Tourism post will go full-time

Robert Smith

With a fairly rare 2-1 vote, the Board of County Commissioners decided Tuesday to move in the direction of making the position of tourism director for Osage County full-time as of July 1.

The County Commissioners voted to make a contract offer to current tourism director Kelly Bland that would convert her service from part-time to full-time. Bland is on track to complete a degree program in early May at Oral Roberts University, and her part-time contract with the county extends through June.

District 2 Commissioner Kevin Paslay and District 3 Commissioner Darren McKinney voted to make the contract offer. District 1 Commissioner Randall Jones, who explained he had not fully resolved his concerns about the level of pay Bland would be receiving as a full-time tourism contractor for the county, voted against the move.

Jones said he didn’t have any problem with Bland’s job performance, and added he isn’t against making the position full-time. He said that constituents have asked him questions like the ones he was asking about compensation for the tourism director, and he felt obliged to ask the questions in the board session.

Paslay made the motion to make a full-time offer to Bland, effective July 1, and McKinney made a concerted effort to see what it would take to persuade Jones, so all three commissioners could vote together.

More than once, McKinney, the board chair, asked Jones what might be provided to him in the way of information and explanations to bring him to a point of voting in favor of the contract offer.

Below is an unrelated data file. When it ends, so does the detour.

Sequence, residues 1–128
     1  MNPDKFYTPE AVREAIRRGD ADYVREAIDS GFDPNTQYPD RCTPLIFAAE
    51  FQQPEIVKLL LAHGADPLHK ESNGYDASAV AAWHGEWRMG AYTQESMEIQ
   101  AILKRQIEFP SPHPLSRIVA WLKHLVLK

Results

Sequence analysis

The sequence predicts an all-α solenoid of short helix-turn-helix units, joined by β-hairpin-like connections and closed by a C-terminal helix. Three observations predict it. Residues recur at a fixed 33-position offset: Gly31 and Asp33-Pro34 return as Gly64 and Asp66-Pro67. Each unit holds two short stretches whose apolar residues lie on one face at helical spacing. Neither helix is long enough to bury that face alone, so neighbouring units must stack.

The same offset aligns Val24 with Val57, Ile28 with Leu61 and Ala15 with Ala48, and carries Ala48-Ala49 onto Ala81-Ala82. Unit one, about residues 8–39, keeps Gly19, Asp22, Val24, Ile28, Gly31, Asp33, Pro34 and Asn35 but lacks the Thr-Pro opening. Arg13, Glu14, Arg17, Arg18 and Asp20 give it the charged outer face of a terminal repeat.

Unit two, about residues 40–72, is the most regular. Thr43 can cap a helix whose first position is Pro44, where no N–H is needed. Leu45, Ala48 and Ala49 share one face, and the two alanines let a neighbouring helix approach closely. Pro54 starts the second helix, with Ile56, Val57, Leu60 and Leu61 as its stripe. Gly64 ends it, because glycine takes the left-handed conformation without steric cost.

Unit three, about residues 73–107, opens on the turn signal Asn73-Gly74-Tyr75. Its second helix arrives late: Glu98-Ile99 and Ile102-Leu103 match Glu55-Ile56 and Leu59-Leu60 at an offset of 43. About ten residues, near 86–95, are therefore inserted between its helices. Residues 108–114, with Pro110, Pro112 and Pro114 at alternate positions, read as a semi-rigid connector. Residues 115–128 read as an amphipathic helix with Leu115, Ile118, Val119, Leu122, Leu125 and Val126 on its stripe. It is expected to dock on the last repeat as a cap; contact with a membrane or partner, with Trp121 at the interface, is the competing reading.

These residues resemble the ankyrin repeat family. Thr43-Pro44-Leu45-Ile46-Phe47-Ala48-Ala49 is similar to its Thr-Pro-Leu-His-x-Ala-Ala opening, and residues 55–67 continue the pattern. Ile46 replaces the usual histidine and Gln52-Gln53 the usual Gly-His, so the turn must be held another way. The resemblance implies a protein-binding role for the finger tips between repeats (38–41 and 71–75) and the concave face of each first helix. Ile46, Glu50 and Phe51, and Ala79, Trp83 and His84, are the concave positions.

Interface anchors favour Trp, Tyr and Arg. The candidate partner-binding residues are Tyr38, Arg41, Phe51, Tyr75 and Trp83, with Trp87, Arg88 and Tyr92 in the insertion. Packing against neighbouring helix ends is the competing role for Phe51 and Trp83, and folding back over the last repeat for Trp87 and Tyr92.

“I would like for it to be three yeses and we go from there,” McKinney said.

Jones replied that he was not ready yet to vote “yes.”

“But you guys do what you have to do,” Jones said.

McKinney asked District Attorney Mike Fisher if it might be possible to have an executive session next week and hash out details about which Jones might want answers. Fisher noted that Bland is a contractor rather than a county employee, so an executive session would not be legally permissible.

McKinney eventually voted with Paslay to offer Bland a full-time position.

In a followup conversation after the meeting, Jones told the Journal-Capital that he felt the contract decision was unduly hurried, and he had wanted more time to explore just how much time and effort is required for Bland to carry out the tasks that she performs for the county. Jones noted that Bland’s per-hour compensation under the new contract will be $31.50 per hour, up $1.50 per hour from her current contract, and that a monthly expense stipend will rise from $600 to $950.

During the discussion, Sheriff Eddie Virden said he favors having Bland on the job full-time because his budget decreases every year and he thinks something needs to be done to bolster falling tax revenues.

“I think it’s a no-brainer with the job that she’s done,” Virden said.

County resident Jerry Butterbaugh also voiced support for converting the tourism director position to a full-time job. Butterbaugh said his thoughts were much the same as Virden’s, and added that he doesn’t think the county has any other options readily at-hand to provide the same potential for economic improvement that increased tourism does.

During the debate, Bland said she didn’t want to be “a bargaining chip on the table” and she assured Jones that she will be a good fit for the job. Following the vote, she thanked him for being forthright about his concerns.